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English Church Schools - Essay Example

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In the pre-welfare State of Britain, Church schools usually taught only about Christianity and it suited the then society of Britain. They even readied vicars for the church and in those days, it was impossible to imagine a church school teaching other religions or cultures…
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Download file to see previous pages This change had been taking place, not only in Britain, but also in other European countries.
As minorities got stronger, they started voicing their demands and insecurities. Government slowly realised that education for the children had been stagnant without taking into consideration the need to alter it. It also decided in the last three decades education had not been modernised. In Britain, as Henry VIII rebelled against the authority of the Pope, monarchs become the Head of the Religious faith. Britain, after Henry VIII incident, had its own Church and other connected institutions. After the Second World War, Britain had evolved into a multi-lingual and multi-cultural society, with many voices, demands, languages, cultures and religions. People from erstwhile colonies have made Britain their home, along with other asylum seekers and quite naturally, they all have become part of Britain now. Government had to protect their needs and requirements too. This led to a more coherent government policy and church schools have been asked to accommodate students of other faiths, and with effective guidance from cultural leaders, they have to reduce their Christian outlook to a large extent and teach children about other cultures. They have realised that they have to modernise their outlooks with the changes brought by the changing times. They are neither vehement about Christianity, nor reluctant to change.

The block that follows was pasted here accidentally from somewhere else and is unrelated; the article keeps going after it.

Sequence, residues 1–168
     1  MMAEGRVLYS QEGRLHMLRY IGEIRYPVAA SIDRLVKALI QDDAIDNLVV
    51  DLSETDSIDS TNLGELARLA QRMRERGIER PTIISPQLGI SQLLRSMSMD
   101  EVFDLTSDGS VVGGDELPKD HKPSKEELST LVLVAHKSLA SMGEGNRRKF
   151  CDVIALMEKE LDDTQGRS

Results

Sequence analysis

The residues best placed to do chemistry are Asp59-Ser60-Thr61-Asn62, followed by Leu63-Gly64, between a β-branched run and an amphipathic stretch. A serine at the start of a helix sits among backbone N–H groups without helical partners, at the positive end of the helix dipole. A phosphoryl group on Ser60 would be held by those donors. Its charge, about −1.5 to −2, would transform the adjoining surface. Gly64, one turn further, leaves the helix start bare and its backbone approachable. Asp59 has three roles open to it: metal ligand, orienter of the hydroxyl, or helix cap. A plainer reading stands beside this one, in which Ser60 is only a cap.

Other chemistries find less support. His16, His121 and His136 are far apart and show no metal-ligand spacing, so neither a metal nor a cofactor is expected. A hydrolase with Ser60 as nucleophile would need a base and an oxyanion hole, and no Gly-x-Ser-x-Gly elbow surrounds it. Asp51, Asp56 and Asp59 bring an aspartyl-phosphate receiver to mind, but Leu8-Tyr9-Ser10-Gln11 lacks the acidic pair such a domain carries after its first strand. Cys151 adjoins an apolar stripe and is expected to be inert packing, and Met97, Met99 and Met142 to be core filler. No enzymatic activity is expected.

Till recently, we can say that nothing much has been done in this direction, even though this is a very important element of a welfare state.
"One important target of active states is the school institution and its influence over how children are socialized. Since the Reformation, civic leaders have made grand claims about the magical effects of mass schooling and the secular state's power to expand it. But only in the past decade has research matured on both the causes and economic consequences of school expansion," (Fuller and Rubinson, 1992, p.1).
Church schools might not sound and look like the best places to accommodate alien cultures. The stereotype and traditional church schools of olden days would never have taught anything other than Christianity. Fortunately, today, religious institutions are changing according to the time and requirements. Hence, most of these schools are accommodating the multi-cultural and multi-faith demands of British society. Even though they are still being called as 'Church Schools', run by the societies and funds belonging to the Church of England mainly, their function and focus has enormously shifted in recent years. Even Churches have accepted that Christianity is not the only religion in United Kingdom. They are not only providing multi-culture based education today, but also they are welcoming students from other cultures to join the schools without any discrimination in admission. They are also trying to know more about diverse cultures, so that they could be right in their approach.
"It is also important to recognize the extent to which changes in education policy are influenced by larger social and economic developments. The analysis draws us back clearly to political questions as lying at the heart of education policy, which is, after all, about the choices that governments made," (Levin, 2001, p.18).
Church schools, which were considered to be stuffy at one point of time, have changed so much in their approach, that it is not at all difficult for them to provide ...Download file to see next pagesRead More
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